Saturday, July 30, 2011

Personal Note - Eldercare; Wheelchair Van

Ten years ago my wife's mom and step-dad, Jerry, moved to Cedar Park.  In their 80s they they were vigorous and fun-loving but needing a little help getting around.  They loved having us take them to far-away places like Cracker Barrel and Starbucks and Lakeline Mall.  And once all the way up to Clare, Michigan and back, visiting kids and grand kids along the way. 

Back home in Cedar Park they had their own little circle of nearby going-out places - a McDonalds, Walmart, Bank of America, Post Office, Walgreens. 

And a Scott & White clinic.

Age started taking a toll and they spent more and more time at Scott & White trying to keep the old bods running.  Then walking.  Then walking with a cane.  Four years ago Jerry fell and broke a hip.  And traded his cane for a walker.  A few weeks later, mom fell and broke a hip and got a walker of her own. 

Age can be hard on even the nicest people.  There were a few more falls, a few more broken bones (old bones are fragile).  There were memory losses and near-falls when the 90-year-olds would forget they needed a walker and shouldn't try to do housework.  Or go to the bathroom alone. 

They started needing lots meds to control body chemistry.  We learned about Medicare Part D and the donut hole. 

If you've been visiting this blog, you've noticed a lack of recent photos, recent player profiles.  I've only been to one Outlaws game in the past two seasons.  That's because caring for the old folks expanded into a full time job.  Wife Beverly and I have provided in-their-home caregivers for the folks, 24/7.  We've been doing grocery shopping, mowing lawns, making pharmacy runs, transporting to doctor appointments, hiring-firing caregivers (I have some stories to tell).  A highlight for us and them was taking the folks out to favorite restaurants or Christmas light tours.  Or Starbucks - Jerry loved his coffee.

Their ability to get around declined.  We started using part time wheelchairs to supplement the walkers.  Then one day I wheelchaired Jerry to the car and started the transfer.  The routine was to have him stand up, grasp the car door for balance while I pushed the wheelchair out of the way, and then aim his butt to the car seat.  This day things went wrong.  His legs just crumpled beneath him.  I was able to catch him, slip my knee under him and keep him from falling.  But his weakness and the limited space between car door and wheelchair made transfers to the car impossible.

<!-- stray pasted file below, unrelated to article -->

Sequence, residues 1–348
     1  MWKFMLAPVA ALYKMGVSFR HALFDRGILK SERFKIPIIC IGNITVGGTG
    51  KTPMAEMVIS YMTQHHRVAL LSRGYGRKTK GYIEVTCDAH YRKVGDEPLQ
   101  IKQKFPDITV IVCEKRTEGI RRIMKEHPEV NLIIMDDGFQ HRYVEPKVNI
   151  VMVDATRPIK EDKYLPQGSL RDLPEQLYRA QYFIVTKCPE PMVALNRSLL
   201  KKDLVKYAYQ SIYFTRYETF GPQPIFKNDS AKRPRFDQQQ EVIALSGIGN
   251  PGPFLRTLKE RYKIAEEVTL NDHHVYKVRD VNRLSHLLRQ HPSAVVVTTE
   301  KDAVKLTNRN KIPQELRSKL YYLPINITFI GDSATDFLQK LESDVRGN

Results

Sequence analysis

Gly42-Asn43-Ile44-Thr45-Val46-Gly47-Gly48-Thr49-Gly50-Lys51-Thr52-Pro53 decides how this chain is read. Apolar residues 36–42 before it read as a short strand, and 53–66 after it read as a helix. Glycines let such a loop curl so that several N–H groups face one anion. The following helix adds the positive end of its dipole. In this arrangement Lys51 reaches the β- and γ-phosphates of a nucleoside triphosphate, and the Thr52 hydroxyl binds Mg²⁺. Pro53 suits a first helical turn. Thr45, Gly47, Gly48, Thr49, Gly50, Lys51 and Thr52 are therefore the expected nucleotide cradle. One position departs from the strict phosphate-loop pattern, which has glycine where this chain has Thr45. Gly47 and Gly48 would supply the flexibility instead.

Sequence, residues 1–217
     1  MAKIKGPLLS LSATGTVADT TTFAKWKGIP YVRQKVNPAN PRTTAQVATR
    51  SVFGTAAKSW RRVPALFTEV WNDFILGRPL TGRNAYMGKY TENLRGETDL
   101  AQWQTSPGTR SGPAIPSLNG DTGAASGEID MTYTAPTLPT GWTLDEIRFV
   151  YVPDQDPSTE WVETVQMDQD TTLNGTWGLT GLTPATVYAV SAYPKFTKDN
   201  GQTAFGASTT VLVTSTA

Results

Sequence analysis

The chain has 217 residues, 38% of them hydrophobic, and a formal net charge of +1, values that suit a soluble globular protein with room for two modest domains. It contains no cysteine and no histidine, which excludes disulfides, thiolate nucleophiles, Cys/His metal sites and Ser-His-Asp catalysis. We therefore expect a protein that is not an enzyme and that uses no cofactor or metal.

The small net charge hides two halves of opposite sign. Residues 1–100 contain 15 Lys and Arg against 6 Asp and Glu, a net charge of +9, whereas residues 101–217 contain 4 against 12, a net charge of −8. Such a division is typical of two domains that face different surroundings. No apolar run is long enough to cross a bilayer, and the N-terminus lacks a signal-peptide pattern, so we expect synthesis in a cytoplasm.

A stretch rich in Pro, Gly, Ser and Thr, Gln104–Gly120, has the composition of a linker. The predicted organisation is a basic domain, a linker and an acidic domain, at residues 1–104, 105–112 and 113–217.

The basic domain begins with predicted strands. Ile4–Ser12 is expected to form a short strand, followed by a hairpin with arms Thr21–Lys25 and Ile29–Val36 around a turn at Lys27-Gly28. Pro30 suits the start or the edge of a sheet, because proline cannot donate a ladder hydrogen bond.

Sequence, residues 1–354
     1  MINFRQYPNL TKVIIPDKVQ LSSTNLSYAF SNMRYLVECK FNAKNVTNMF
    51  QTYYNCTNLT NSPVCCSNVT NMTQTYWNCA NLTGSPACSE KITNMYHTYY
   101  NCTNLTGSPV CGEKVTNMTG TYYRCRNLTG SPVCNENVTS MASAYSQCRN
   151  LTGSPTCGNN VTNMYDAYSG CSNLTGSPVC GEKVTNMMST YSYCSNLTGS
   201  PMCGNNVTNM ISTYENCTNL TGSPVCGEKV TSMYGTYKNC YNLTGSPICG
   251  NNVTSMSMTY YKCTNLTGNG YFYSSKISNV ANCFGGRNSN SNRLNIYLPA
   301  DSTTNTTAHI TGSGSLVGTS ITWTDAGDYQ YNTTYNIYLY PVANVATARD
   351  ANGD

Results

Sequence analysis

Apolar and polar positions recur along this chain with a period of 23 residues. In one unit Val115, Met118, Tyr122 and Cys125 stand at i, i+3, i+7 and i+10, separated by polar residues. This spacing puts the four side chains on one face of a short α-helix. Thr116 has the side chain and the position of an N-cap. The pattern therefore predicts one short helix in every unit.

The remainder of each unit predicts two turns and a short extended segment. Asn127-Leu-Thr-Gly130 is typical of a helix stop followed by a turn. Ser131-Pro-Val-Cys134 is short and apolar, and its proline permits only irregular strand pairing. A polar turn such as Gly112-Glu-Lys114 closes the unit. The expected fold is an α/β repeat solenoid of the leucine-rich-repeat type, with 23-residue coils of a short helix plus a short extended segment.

Suddenly the outings were in jeopardy.  My van couldn't accommodate a wheelchair.  There are taxis that can but taxi fare is expensive and we aren't all that rich, especially when paying for caregivers.  There are medical vans but they're pricier than cabs.

Enter Austin Mobility Solutions, a business on I-35 just north of the Pflugerville exit. 

Push the button on the remote and here comes the ramp.

You'd be amazed.  They have vans specially equipped to accommodate wheelchairs.  Press the remote and the doors open, a ramp deploys.  You or your caregiver, can wheel the patient right inside.  These things are so cool the van even kneels, tilts downward, so the upward slope is less steep.

An easy trip up the ramp because the van is
"kneeling" toward the caregiver.
I had owned a van before.  A large luxury conversion van equipped with leather captains chairs, a TV, two stereos, a VCR.  We used it on that long road trip to Clare, Michigan.  I had bought it through Henna Chevrolet and a manufacturer's rep who worked with the conversion company. 

The manufacturer's rep was Charlie Lincoln.  Before I bought the van I checked out his reputation and learned that was highly regarded in the Austin area for outstanding service and customer care.  With our big van, Charlie lived up to his reputation.  What few problems I had he took care of himself. 

Fast forward to our need to transport wheelchairs.  I found Austin Mobility Solutions on a referral byThird Coast vans.  On my first visit to the showroom, I was startled to see Charlie there.  I asked what are you doing here?  He replied "I own the place."

The wheelchair is centered in the middle of
the van and secured with special securement
hardware anchored to the floor and hooked
to the wheelchair frame.  There's also a seat belt.

He demonstrated the showroom vans with the ramps and wheelchair securement hardware. We talked about options.  The ideal would be to own a van but money was a concern.  The business name is mobility solutions.  Charlie had a solution for me - rentals.  We could rent vans by the day, week, month.  We wound up doing daily rentals to transport the folks to the doctor's office and then out to lunch or coffee.

Thanks to Charlie, we were able to give mom and Jerry  the outings they so enjoyed. 

Close up of the cassette that holds the securement strap and the hook
connecting strap to wheelchair frame.  Really easy to operate.

Jerry died this week.  He had had a really hard year with multiple health problems.  He had had a really hard month with two EMS trips to the hospital and two trips (in Austin Mobility Vans) to the doctor.  He had a mysterious fall from his wheelchair - how did he manage to fall when he lacked strength to move without help?  Miraculously there were no fractures. 

A bad month.  In his last trip to the ER, the doctor recommended hospice care and we agreed.  Jerry died a day later.  He was 93.

Jerry was a Christian man and we believe he is now in a much better place.

But over the past year, his life has been better because of wonderful people like the caregivers and Charlie Lincoln. 

1 comment:

Thomas Wright said...

Deepest condolences to Jerry. Aging is rarely a pleasant event, but it's best to look on the bright side of things. The vans have, at the very least, provided a measure of comfort when it came to their transportation during that phase in his life.